Henderson also does a great job of avoiding excessively expository scenes. You don't learn what Bunny did wrong in her past right away, but you learn it eventually, so be patient. Her relationship with her niece, Tonyah, feels heartbreaking, especially because of the danger that she puts her through. It's not quite clear either why Tonyah would even want to be around Bunny to begin with. Later in the second act, Bunny commits an act that crosses a huge boundary and makes her even harder to root for, unlike in the recent movie Breaking where the protagonist behaves similarly, but with more compassion, logic and reason. Bunny, by contrast, comes across as deranged, unhinged and insane more often than not. Although The Justice of Bunny King doesn't explore the issue of mental illness head-on, it does shed unflinching light on the importance of raising awareness that mental illness does exist. Perhaps Bunny doesn't have the resources to get better, but, like any human being, she deserves to heal and be happy. If only she could learn the poem by Pablo Neruda, "They can cut all of the flowers, but they can't stop the spring from coming." Bunny's garden is filled with toxic soil and no flowers. She's too emotionally immature to grasp that she's not helping anyone including herself by cutting other people's flowers or by cutting her own flowers. The third act leaves open the possibility of healing without offering any solutions, so it feels like a cop-out.
Fortunately, The Justice of Bunny King boasts a bravura, electrifying performance by Essie Davis. She's the film's heart and soul, and she clearly bares her own heart and soul with her emotionally honest and generous performance. It's her moving performance, not the screenplay, that breathes life into the role and makes you care about Bunny as a human being. Thomasin McKenzie is also superb. At a running time of 1 hour and 41 minutes, The Justice of Bunny King is engrossing, heartbreaking and unflinching.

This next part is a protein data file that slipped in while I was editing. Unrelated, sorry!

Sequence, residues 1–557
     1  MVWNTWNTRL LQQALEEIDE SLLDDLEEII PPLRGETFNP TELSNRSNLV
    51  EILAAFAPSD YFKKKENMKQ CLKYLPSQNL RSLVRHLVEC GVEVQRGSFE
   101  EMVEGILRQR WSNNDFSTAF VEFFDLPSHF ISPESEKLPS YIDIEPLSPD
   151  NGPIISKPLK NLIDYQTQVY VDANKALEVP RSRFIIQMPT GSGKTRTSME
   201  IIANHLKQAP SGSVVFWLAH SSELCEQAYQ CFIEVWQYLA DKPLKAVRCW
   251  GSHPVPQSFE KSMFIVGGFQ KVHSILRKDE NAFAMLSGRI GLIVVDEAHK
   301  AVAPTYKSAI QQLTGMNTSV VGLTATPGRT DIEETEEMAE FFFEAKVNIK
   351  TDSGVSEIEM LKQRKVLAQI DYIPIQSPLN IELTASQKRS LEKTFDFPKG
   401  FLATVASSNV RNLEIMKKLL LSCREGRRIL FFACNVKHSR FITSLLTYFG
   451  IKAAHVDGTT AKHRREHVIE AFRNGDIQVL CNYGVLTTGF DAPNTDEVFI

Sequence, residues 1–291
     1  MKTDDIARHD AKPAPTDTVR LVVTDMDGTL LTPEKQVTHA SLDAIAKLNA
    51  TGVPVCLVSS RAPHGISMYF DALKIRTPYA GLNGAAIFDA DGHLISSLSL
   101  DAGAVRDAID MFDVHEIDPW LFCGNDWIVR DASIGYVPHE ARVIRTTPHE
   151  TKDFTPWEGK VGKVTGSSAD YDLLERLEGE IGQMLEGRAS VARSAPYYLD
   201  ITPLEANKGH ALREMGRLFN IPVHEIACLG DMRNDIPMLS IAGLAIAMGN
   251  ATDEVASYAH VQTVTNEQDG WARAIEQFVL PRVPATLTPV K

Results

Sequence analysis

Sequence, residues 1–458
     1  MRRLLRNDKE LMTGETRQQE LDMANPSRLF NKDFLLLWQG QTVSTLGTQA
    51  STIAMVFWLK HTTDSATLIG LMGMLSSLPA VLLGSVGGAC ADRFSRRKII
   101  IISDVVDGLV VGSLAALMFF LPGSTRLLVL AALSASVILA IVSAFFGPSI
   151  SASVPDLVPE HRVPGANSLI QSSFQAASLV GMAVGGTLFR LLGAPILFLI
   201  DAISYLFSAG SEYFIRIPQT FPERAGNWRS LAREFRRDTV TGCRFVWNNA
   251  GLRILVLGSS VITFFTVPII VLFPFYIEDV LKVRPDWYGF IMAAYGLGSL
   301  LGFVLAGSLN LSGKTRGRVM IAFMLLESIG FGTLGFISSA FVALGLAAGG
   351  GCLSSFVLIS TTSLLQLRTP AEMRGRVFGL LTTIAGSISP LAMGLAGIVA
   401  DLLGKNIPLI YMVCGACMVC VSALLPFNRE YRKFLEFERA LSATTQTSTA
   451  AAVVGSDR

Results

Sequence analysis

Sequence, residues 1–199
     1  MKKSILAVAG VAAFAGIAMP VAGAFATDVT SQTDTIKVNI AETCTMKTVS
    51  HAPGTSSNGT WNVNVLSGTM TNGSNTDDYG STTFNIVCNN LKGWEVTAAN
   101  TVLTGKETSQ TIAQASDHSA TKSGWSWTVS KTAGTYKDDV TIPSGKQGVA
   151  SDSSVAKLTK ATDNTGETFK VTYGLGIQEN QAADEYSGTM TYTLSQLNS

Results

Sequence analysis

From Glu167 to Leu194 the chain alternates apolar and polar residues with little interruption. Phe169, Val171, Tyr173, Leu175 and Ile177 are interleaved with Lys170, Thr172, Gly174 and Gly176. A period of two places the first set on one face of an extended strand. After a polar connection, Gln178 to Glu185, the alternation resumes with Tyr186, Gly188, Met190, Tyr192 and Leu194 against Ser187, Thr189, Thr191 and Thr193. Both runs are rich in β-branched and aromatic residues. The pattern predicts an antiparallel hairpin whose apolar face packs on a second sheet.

Three children, Lily (Beau Gadsdon), Pattie (Eden Hamilton) and Ted (Zac Cudby), travel by train from Manchester to Yorshire during World War II to escape the German bombings in their hometown. They move in with Bobbie Waterbury (Jenny Agutter), her daughter, Annie (Sheridan Smith), and Thomas (Austin Haynes), Annie's son. When the children meet Abe (KJ Aikens), a young black American soldier who's gone AWOL, they try to help him to escape Yorkshire and to reunite him with his mother in New York.
Although it's refreshing to watch a wholesome family film that's not action-packed, infantile or that heavily relies on CGI and sci-elements, Railway Children doesn't have enough going on to hold your interest whether you're young or old. Unfortunately, the screenplay by Daniel Brocklehurst and Jemma Rodgers leaves a lot to be desired as it dances around issues like war and racism while sugar-coating them for younger audiences. That would've been fine if it were at least engaging on some level. The plot often meanders, and there are too many characters, most of whom are poorly introduced to the audience. Brocklehurst and Rodgers opt for a linear structure without flashbacks which makes the film conventional, but the lack of wit, comic relief and anything surprising or exciting results in blandness and, eventually, lethargy. The premise sounds like it could have some moving scenes, especially given that these kids are so far away from home and yearn to be with their family again. However, the audience doesn't have enough of a sense of what their life was like with their family before they went to Yorkshire. Abe, like Lily, Pattie and Ted, have that yearning to come home in common with one another. Likewise, the kids' relationships with the adults, i.e Bobbie, Annie and Uncle Walter (Tom Courtenay), aren't fleshed out enough. The adults are underwritten, and many of the scenes with them and the kids fall flat. What's most disappointing is that there aren't enough scenes to show the kids bonding together with Abe, so the third act, which can be seen from a mile away, isn't as emotionally resonating as it could've been. A truly great family film can find a way to entertain adults and children as well. Railway Children doesn't succeed to entertain either enough to rise above mediocrity.